Very few people have the luxury of wearing their favorite jeans and sweatshirts to their workplace. If you find that your workplace clothing restrictions are inflating your clothing budget, you may be eager to find a way to bring this budget item back down to size. Depending upon the type of work you do and the clothing restrictions associated with your job, you may be able to deduct all or part of your workplace clothing costs from your taxes. While taking this deduction won’t totally make up for the money you put out to buy your workplace wardrobe, it may make this spending a bit more palatable.
Use the Work Clothing Tax Deduction for Uniforms and Maintenance
You can deduct your clothing costs if the items you must wear to work meet two specific requirements. To deduct these work clothes, your employer must require that you wear specialized clothing to work. This requirement is most commonly due to safety concerns or the result of uniform dress requirements. The clothing must also not be suitable for everyday wear.
Following these restrictions, you can deduct your clothing costs if you work in a nuclear power plant and must wear clothing with special radiation protection, as this requirement is safety-based and you can’t very well wear this clothing out to eat with your sweetie. Similarly, you may deduct showgirl clothing because these revealing outfits are part of the job and not suitable for everyday wear.
If your work clothes qualify, you can also deduct the cost of dry cleaning or other related services. You can add the uniform maintenance tax deduction alongside the work clothing tax deduction on Schedule A in your return.
Don't Deduct Office Wear
If you work in a general office environment, you will likely not be able to reap the benefits of a work clothing deduction. Formal work clothes, such as suits and dresses, cannot be deducted from your taxes, even if you only wear these garments when venturing off to work. Likewise, you cannot deduct your clothing if you work in a trendy boutique and your employer requires that you wear clothing sold in that store because these garments can easily be worn on your next trip to the mall.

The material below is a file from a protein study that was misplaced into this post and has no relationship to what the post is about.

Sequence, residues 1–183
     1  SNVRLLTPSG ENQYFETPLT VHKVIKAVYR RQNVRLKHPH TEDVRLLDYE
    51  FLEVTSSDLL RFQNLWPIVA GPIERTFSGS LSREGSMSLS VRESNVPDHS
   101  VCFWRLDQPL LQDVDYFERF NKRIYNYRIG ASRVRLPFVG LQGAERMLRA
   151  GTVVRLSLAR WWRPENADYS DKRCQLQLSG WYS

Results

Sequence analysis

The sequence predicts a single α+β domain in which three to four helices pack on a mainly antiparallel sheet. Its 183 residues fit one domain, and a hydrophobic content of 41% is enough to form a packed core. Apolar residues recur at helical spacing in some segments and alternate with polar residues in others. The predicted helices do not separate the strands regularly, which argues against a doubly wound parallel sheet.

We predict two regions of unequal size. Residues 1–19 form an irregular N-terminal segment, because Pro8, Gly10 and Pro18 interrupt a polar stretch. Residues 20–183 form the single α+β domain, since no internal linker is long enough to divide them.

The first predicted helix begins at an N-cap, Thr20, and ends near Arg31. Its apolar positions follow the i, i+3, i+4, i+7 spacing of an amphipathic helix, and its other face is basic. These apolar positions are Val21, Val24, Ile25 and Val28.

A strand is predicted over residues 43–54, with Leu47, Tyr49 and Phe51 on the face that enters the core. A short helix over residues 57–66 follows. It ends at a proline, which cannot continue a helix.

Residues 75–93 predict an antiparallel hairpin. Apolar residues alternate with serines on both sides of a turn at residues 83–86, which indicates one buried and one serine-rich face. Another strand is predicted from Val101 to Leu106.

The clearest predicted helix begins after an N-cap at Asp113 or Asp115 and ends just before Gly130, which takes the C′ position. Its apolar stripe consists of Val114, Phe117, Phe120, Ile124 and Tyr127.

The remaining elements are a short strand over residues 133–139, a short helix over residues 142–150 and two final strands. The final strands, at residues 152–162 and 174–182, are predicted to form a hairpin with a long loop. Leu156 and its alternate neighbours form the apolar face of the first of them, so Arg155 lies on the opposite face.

Some occupations are more common clothing deductors than others. Those who work in a job that requires a uniform, such as police officers, nurses or bus drivers, can commonly deduct these uniform costs. Additionally, workers in the construction are often allowed to take dedications for the purchasing of hard hats, steel-toed shoes and other protective wear. Although it may seem counterintuitive, full-time military service members cannot deduct the costs of their uniforms because there are other public uses for them, such as weddings.
Deducting Clothing on Your 2018 Tax Return
Taxes for the 2018 work year, which you file in 2019, will not be eligible for the work clothes tax deduction. Similarly, you should not deduct maintenance for your work clothes on your 2018 tax return.
Deducting Clothing on Your 2017 Tax Return
For 2017, which you file in 2018, and any previous returns, you can deduct the cost of uniforms that fit the IRS qualifications. Regardless of how much you spend on your deductible workplace clothing each year, you can only deduct a set amount of this clothing cost. Your workplace clothing cost deductions cannot exceed 2 percent of your adjusted gross income. Additionally, to take this deduction you must have an itemized receipt proving your clothing-related spending.
- construction worker in uniform at work image by dinostock from Fotolia.com